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    ABSTRACT: Reports of sugarcane yield responses to silicon (Si), coupled with mounting evidence that elevated crop Si levels reduce both biotic and abiotic stresses, account for the interest in the Si nutrition of this crop. In terms of managing Si supplies to sugarcane in South Africa, uncertainties exist regarding, first, the reserves of plant-available Si in soils, and second, the reliability of soil-test methods for predicting Si availability. In this study, extractable Si was measured in 112 soils collected from sugarcane-producing fields in South Africa. Soils were selected on the basis of dominant soil types and included Inceptisols, Alfisols, Mollisols, Vertisols, Oxisols, Entisols, and Ultisols, varying widely in chemical properties, texture, and extent of weathering. Extractants employed were 0.01 M calcium chloride (CaCl2) and 0.02 N sulfuric acid (H2SO4). Silicon extracted with 0.02 N H2SO4 ranged from 2 to 293 mg kg−1, whereas with 0.01 M CaCl2 the range was 5 to 123 mg kg−1. With both extractants, extractable Si decreased significantly with decreasing pH, exchangeable calcium (Ca), and total cations. In soils with potassium chloride (KCl)–extractable Al+H levels of greater than 0.5 cmolcL−1, extractable Si levels were consistently low, suggesting that soluble Al is implicated in reducing plant-available Si levels. Extractable Si levels were not related to the Bache and Williams P-sorption indices of soils. In the second part of the investigation, sugarcane leaf Si concentrations from 28 sites were related to soil extractable Si levels. The CaCl2 soil test proved markedly superior to H2SO4 as a predictive test for leaf Si levels.
    Full-text · Article · Dec 2014 · Communications in Soil Science and Plant Analysis
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    • "This value is appropriate for diagnosis of sugar cane leaves taking into account the critical value of 2.5 g kg −1 Si that may limit its productivity [4] [5]. On the other hand, if one is looking for plant species with lower silicon concentrations, the use of the strongest Si I 288.158 nm emission line (LOD 0.02 g kg −1 Si) is recommended, under the same experimental conditions (i.e. 25 pulses, 50 J cm −2 , 750 μm spot size, 2.0 μs delay time and 4.5 μs integration time gate). "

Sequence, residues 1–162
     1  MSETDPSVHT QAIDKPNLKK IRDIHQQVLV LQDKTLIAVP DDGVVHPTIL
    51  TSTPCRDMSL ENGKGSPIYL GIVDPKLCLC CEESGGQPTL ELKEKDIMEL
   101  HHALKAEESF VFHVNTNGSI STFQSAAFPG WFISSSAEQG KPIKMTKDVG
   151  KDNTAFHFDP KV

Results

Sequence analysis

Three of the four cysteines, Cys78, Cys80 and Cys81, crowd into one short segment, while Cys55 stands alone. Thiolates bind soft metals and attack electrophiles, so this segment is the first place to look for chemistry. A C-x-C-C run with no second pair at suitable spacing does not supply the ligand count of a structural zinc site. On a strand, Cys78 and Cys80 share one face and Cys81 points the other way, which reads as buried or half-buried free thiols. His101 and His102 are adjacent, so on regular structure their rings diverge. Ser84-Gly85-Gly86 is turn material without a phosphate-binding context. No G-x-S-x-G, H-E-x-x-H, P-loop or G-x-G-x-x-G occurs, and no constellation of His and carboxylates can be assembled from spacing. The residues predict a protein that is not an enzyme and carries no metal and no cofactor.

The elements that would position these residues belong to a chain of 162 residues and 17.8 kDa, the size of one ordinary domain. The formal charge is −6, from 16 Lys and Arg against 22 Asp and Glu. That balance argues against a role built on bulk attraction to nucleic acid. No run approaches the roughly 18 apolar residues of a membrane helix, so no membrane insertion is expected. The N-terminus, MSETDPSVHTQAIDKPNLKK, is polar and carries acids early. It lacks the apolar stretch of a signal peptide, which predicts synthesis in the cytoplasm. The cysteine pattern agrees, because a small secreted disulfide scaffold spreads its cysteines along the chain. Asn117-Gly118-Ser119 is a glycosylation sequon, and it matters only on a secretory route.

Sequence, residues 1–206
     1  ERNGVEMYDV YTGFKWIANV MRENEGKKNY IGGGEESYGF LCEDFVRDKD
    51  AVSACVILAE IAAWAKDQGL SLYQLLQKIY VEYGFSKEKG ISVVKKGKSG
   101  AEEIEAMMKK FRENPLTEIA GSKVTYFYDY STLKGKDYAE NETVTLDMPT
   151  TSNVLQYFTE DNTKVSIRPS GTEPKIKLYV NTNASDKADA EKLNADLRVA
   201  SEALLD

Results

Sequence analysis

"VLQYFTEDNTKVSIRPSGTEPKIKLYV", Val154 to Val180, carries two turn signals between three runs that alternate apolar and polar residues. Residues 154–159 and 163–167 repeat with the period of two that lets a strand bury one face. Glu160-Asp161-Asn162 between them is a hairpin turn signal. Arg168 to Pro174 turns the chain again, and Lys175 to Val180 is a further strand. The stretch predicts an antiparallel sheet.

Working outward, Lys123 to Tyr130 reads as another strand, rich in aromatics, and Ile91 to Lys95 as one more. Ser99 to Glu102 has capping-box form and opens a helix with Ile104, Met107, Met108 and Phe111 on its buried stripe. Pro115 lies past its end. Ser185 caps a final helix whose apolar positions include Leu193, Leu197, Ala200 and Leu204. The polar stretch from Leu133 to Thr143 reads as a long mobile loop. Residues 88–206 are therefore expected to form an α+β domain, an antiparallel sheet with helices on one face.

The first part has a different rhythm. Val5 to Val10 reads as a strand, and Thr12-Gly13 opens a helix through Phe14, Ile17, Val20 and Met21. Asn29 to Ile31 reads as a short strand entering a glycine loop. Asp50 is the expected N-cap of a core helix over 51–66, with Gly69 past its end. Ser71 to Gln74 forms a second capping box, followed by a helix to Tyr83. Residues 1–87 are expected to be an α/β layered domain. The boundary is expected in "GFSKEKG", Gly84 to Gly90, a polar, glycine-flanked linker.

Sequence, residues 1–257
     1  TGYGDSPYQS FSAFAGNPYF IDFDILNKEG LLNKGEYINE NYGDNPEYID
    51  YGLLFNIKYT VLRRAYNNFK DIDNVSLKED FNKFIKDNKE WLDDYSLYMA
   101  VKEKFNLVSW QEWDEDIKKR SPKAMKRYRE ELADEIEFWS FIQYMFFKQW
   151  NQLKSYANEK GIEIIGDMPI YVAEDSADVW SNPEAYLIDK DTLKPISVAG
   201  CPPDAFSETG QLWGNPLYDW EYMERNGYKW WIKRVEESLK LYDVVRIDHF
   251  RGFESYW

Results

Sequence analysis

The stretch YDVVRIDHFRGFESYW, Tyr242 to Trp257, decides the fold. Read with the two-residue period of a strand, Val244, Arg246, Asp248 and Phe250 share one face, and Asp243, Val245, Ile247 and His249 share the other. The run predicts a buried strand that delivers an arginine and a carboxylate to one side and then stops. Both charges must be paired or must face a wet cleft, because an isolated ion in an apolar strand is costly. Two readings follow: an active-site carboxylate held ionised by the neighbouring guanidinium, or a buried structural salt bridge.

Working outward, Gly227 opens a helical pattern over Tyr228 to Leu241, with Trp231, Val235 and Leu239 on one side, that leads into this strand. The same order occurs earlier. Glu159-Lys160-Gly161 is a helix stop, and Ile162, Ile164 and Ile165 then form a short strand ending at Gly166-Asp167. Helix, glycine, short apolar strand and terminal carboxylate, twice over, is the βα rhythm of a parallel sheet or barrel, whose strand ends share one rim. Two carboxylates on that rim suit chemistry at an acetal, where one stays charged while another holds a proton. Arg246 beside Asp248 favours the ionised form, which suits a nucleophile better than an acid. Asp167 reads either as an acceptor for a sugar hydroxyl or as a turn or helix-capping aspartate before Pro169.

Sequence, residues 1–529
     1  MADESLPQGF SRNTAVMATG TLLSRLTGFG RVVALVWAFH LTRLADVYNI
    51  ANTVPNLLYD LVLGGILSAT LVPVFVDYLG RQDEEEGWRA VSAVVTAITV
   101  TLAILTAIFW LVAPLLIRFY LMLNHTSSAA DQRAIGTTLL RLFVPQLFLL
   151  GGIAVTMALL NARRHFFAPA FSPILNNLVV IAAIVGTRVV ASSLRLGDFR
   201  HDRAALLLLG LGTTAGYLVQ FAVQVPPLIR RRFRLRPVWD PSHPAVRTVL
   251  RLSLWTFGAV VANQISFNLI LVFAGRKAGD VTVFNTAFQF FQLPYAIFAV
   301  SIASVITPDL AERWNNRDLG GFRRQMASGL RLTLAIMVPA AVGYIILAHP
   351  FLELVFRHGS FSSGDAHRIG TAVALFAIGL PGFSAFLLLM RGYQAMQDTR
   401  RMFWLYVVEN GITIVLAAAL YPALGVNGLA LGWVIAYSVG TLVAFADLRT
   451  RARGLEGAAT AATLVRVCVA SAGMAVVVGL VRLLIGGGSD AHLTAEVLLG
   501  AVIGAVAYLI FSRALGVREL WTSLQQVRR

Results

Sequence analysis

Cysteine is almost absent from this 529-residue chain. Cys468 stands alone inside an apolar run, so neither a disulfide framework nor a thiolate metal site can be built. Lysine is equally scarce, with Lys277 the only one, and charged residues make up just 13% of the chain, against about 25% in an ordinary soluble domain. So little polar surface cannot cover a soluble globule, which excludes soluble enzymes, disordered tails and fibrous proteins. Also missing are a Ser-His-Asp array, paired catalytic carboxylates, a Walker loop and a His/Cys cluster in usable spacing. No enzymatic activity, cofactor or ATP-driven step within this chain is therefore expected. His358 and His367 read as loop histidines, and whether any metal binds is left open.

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    ABSTRACT: In spite of the importance of Si for improving the productivity of many important crops, such as those from the Poaceae family (e.g. sugar cane, maize, wheat, rice), its quantitative determination in plants is seldom carried out and restricted to few laboratories in the world. There is a survey of methods in the literature, but most of them are either laborious or difficult to validate in view of the low availability of reference materials with a certified Si mass fraction. The aim of this study is to propose a method for the direct determination of Si in pellets of plant materials by laser-induced breakdown spectroscopy (LIBS). The experimental setup was designed by using a Q-switched Nd:YAG laser at 1064 nm (5 ns, 10 Hz) and the emission signals were collected by lenses into an optical fiber coupled to an Echelle spectrometer equipped with an intensified charge-coupled device. Experiments were carried out with leaves from 24 sugar cane varieties, with mass fractions varying from ca. 2 to 10 g kg− 1 Si. Pellets prepared from cryogenically ground leaves were used as test samples for both method development and validation of the calibration model. Best results were obtained when the test samples were interrogated with laser fluence of 50 J cm− 2 (750 μm spot size) and measurements carried out at Si I 212.412 nm emission line. The results obtained by LIBS were compared with those from inductively coupled plasma optical emission spectrometry after oven-induced alkaline digestion, and no significant differences were observed after applying the Student's t-test at 95% confidence level. The trueness of the proposed LIBS method was also confirmed from the analysis of CRM GBW 07603 (Bush branches and leaves).
    Full-text · Article · May 2013 · Spectrochimica Acta Part B Atomic Spectroscopy